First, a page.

Just weeks ago, the Joint Committee on Vaccination and Immunisation (JCVI) recommended that children over the age of 12 should only be vaccinated if they were extremely vulnerable or lived with someone at risk, citing concerns about an inflammatory heart condition linked to the Pfizer/BioNTech jab. Now the JCVI has tweaked that decision to allow children aged 16 and 17 to be routinely offered the vaccine.
What is the benefit of vaccinating children?
Most children do not suffer from severe illness due to Covid. But of the proportion of children who do develop any symptoms, studies estimate a fraction of that subset remain symptomatic for longer than four weeks. Like adults, children with underlying conditions – including neurodisabilities, Down’s syndrome or immunosuppression – are at much higher risk of falling seriously ill if they contract Covid. So even though the risks to children and teenagers from catching Covid are very low, they are not entirely absent.
Meanwhile, an argument has been made for vaccinating children to make it safer for them at school, as has the idea that vaccinating children could also be a strategy that could protect vulnerable adults who they could pass the disease on to. The public is also keen on the measure – a survey by the Office for National Statistics, published last month, found that almost 90% of parents in England would favour giving their children a vaccine if offered.
Given the elevated risk from Covid in extremely vulnerable children, the JCVI recommended vaccinating them in mid-July, but said it would continue to evaluate the landscape of emerging evidence and make changes if needed.
What are the risks?
Countries such as the US, Israel, France and Germany have all recommended over-12s be universally vaccinated. The UK’s medicines agency, the MHRA, approved the use of the Pfizer/BioNTech jab in over-12s in early June, but global reports of rare cases of myocarditis, an inflammatory heart condition, linked to the vaccine prompted the JCVI to limit its recommendation to vulnerable children in the UK.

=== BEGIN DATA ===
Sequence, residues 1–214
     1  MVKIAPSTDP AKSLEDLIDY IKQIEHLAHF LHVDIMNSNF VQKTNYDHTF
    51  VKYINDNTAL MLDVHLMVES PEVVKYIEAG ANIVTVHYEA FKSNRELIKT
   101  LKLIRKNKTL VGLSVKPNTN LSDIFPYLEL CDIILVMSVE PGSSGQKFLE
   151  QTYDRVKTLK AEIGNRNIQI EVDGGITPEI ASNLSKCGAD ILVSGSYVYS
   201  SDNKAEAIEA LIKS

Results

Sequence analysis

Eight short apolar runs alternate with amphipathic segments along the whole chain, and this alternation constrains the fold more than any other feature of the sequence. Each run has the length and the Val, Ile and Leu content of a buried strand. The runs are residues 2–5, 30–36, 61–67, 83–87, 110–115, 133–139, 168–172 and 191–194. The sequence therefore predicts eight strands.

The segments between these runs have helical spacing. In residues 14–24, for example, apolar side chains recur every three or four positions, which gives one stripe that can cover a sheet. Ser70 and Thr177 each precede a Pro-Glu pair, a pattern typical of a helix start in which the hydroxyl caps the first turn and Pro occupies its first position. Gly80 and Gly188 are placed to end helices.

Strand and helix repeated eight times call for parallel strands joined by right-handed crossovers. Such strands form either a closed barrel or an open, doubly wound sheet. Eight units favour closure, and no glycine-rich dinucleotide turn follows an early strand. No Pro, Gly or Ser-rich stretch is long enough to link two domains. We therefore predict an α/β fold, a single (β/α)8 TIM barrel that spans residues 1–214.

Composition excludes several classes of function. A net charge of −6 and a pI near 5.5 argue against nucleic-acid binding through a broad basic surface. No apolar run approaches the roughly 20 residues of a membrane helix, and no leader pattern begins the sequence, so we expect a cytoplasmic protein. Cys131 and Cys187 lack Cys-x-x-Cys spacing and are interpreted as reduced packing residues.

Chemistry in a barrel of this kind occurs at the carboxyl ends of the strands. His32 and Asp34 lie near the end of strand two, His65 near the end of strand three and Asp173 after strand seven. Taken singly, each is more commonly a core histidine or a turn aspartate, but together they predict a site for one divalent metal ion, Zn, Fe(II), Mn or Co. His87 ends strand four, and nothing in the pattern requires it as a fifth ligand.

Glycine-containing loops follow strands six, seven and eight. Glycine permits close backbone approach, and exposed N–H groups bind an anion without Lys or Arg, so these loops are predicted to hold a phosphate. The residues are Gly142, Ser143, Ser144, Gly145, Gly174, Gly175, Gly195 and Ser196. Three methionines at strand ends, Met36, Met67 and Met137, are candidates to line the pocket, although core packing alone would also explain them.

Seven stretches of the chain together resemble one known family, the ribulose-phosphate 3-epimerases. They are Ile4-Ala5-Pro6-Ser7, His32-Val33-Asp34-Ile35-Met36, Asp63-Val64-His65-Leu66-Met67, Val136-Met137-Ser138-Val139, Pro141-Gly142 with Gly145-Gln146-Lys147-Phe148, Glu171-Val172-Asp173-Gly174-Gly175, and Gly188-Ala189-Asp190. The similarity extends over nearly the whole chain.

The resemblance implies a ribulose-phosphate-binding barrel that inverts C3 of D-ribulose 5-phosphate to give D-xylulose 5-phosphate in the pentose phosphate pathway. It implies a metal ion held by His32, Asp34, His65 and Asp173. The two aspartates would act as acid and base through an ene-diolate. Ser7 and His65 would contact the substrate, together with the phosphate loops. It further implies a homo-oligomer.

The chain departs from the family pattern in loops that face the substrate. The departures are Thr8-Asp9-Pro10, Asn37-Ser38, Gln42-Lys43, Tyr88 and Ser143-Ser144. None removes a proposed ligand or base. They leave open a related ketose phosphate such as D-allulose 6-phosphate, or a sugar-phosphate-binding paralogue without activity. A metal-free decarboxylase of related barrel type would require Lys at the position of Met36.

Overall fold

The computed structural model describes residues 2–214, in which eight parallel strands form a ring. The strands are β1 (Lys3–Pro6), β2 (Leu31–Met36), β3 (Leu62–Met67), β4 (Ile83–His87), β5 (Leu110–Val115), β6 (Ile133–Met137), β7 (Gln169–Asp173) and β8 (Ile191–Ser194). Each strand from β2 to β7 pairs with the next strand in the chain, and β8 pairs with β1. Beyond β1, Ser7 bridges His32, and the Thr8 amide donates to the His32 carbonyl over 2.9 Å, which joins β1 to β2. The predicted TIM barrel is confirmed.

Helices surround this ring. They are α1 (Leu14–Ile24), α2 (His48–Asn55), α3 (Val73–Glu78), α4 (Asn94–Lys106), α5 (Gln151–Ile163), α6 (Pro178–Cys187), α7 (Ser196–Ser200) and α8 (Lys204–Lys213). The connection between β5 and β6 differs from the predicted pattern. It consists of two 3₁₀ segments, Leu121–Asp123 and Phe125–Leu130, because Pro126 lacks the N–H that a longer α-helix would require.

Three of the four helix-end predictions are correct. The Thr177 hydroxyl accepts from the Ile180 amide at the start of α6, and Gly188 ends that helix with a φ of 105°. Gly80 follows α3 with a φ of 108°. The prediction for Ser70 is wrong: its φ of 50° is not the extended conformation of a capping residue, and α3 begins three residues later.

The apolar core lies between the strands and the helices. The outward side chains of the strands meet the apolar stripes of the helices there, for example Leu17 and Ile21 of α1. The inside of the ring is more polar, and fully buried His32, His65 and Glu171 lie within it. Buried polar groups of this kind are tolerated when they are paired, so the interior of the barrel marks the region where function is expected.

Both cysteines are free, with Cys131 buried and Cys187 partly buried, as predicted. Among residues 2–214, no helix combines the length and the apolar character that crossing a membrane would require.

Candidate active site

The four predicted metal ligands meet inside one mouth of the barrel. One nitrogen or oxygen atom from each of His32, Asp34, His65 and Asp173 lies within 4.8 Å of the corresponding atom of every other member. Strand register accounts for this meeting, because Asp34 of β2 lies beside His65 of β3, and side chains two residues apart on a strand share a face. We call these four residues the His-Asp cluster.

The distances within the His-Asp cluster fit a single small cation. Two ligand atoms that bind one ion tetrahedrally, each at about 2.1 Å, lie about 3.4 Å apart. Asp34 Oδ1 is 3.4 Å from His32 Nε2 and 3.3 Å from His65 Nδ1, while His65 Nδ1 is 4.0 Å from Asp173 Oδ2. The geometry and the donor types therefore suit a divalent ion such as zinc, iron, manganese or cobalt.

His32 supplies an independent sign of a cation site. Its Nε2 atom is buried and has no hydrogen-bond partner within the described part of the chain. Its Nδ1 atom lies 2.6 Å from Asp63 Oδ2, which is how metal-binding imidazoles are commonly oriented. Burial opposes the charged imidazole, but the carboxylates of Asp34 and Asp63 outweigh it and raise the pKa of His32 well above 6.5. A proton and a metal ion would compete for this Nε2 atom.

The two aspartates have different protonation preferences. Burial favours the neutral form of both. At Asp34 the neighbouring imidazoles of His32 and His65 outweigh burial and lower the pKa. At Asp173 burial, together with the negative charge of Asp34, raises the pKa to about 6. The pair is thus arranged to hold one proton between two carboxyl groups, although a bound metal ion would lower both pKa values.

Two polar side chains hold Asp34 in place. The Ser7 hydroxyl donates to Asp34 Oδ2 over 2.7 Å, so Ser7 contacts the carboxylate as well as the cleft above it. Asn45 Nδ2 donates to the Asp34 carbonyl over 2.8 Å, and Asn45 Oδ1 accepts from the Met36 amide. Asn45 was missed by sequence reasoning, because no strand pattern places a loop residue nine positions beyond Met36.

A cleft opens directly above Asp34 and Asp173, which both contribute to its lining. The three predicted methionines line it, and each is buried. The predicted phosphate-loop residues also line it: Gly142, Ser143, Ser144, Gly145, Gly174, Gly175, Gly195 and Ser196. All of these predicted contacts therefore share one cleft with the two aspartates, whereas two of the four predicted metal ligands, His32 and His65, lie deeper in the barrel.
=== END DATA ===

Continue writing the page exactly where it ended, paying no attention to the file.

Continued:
There was pretty much “incontrovertible evidence” that the heart inflammation was a real safety signal, said Adam Finn, a professor of paediatrics at Bristol University and a JCVI member, adding that there were different rates of side-effects between the two sexes.
But the decision was controversial, with some scientists demanding that the data on which the JCVI relied be made publicly available. On Wednesday, a cohort of UK scientists published a preprint paper – under review at the Lancet journal – suggesting that vaccinating England’s 3.9 million 12- to 17-year-olds before school reopening in September was crucial given the risks of Covid illness, long Covid and school disruption posed by contracting Covid.
A separate consideration is vaccine supply. While the UK has millions of doses in place and on order, many countries have limited supply and have not even vaccinated their most at-risk populations. With the likelihood of more potentially vaccine-evading variants developing as a result of patchy vaccination, it makes sense to share vaccines – for no one is safe until everyone is safe. That would make vaccinating children a lower priority.
How will the vaccine be rolled out for 16- and 17-year-olds?
For now, vulnerable children over the age of 12, and those who live with at-risk adults, are being offered the vaccine. The latest JCVI recommendation isto routinely offer the first dose of the vaccine to healthy 16- and 17-year-olds, but the committee is still deliberating on when the second dose will be offered – this decision will depend on additional data that will be reviewed in the coming weeks. The first dose programme is expected to begin in the coming weeks, and will not require parental consent.